Dow, S&P 500 End Week At New Record Highs—But This Potentially ‘Painful’ Risk Could Spark A 15% Crash


Major stock market indexes posted new record highs Friday, but Bank of America experts warned in a morning note to clients that the slew of recent records has made the market especially vulnerable to rising interest rates, which could usher in a potentially “painful” market correction as soon as this year.

Key Facts

After closing at a record high Thursday, the Dow Jones Industrial Average ticked up 15 points to 35,515 on Friday as top-performer Disney jumped 1%, thanks to a surprise profit from its theme parks last quarter. 

The S&P 500, which also closed at a record Thursday, jumped 0.2% to a high of 4,468 as several stocks climbed following their own blowout earnings, including Tyson Foods, up nearly 2.3%, and eBay, up 7.5%. 

But Bank of America’s Savita Subramanian cautioned that the S&P, after nabbing three closing highs this week alone, has soared to levels “statistically expensive” on almost every measure her team of analysts tracks. 

“Risks loom ahead,” Subramanian’s team wrote Friday, saying inflation and slower earnings growth expected later this year point to a “painful downside” if interest rates move even modestly higher.

They point out Fed officials have started to “urge tapering,” which would involve raising interest rates to help combat rising inflation. 

Bank of America forecasts Fed tapering talks could begin in September and help lift ten-year Treasury yields, which tend to climb with rising rates, to 1.9% by year’s end—a move the analysts estimate would spark a 15% drop in the S&P as investors cash out of stocks to invest in risk-free Treasurys.


In a likely sign of market frothiness, several stocks this week have tanked from record highs after warnings of slowed growth, overhyped valuations and looming supply challenges. E-commerce firm Wish plunged 20% Friday after the company cautioned slowed growth would hurt revenue this year, and vaccinemaker Moderna crashed nearly 20% this week after Bank of America analysts called the stock’s recent surge unrealistic based on the firm’s financials. Meanwhile, chipmakers LAM Research and Micron Technology are down between 9% and 15% since last Friday amid concerns computer chip prices will fall later this year due to supply shortages.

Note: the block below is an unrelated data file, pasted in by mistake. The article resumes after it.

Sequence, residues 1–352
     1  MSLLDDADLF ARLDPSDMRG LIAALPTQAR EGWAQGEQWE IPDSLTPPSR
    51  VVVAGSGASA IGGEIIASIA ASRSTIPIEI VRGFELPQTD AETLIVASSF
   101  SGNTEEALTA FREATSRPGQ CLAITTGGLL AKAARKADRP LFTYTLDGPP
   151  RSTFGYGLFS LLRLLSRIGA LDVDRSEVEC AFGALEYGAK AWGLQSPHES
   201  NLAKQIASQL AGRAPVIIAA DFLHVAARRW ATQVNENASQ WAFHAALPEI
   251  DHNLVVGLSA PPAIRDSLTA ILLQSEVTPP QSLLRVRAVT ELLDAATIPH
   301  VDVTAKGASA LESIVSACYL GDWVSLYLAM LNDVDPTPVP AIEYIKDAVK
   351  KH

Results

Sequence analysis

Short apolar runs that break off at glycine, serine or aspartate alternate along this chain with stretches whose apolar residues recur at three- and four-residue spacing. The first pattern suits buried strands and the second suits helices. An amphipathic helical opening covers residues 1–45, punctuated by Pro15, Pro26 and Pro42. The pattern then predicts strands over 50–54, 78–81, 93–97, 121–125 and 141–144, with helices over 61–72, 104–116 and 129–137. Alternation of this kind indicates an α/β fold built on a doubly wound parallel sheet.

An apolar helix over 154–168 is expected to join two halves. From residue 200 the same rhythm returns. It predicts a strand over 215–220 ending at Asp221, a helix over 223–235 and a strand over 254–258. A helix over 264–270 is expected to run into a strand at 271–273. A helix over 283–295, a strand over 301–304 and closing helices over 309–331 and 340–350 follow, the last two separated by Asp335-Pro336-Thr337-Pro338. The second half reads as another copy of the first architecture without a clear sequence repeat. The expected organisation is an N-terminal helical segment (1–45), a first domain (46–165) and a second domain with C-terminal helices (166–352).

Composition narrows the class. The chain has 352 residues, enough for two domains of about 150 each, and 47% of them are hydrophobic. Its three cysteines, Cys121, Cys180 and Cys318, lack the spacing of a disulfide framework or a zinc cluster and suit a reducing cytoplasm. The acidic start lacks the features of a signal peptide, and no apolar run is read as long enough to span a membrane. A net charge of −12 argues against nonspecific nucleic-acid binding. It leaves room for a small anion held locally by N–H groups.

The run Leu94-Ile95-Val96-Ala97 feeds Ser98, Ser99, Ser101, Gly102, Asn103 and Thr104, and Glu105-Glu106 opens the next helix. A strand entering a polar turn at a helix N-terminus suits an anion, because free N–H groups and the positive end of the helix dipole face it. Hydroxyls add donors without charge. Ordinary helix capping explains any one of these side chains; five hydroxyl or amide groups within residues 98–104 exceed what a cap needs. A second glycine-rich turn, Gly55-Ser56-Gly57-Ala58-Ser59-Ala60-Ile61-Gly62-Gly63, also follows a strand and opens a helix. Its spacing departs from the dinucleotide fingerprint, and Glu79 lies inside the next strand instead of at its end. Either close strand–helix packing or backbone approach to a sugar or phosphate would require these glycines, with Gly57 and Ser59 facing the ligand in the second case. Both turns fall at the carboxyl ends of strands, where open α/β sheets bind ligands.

Surprising Fact

The S&P crashed 15% in the fourth quarter of 2018 after the Fed started raising interest rates. “If Fed officials move too soon, that will obviously be a problem for markets as history has proven time and time again,” Tom Essaye, editor of the Sevens Report, wrote in a Thursday note.

Key Background

As markets crashed at the height of pandemic uncertainty in March 2020, Fed Chair Jerome Powell pledged to use the Fed’s “full range of tools to support the U.S. economy” until “substantial further progress” is made toward a full economic recovery. Since then, the Fed has kept interest rates at historically low levels while injecting about $120 billion into the economy each month through bond purchases, fueling stocks on a nearly unabated rally. The S&P has skyrocketed nearly 94% from a mid-pandemic low, while the Dow and Nasdaq are up 85% and 115%, respectively. Fears that the government’s heightened spending could spur problematic inflation have triggered bouts of volatility this year and in recent weeks, forced some Fed officials to rethink policy.

What To Watch For

Experts are keenly watching the Fed’s annual Jackson Hole resort trip slated for the weekend of August 28. “We anticipate Fed Chair Jerome Powell will lay the groundwork for tapering at Jackson Hole, with policy specifics arriving [at the Fed’s next meeting] on September 22,” Vital Knowledge Media founder Adam Crisafulli said in a Friday note.

Further Reading

Dow, S&P 500 Climb To New Highs After Inflation Data—But Here’s Why Tech Stocks Are Still Falling (Forbes)

Inflation Keeps Up Summer Surge, Matching Recent Record (Forbes)

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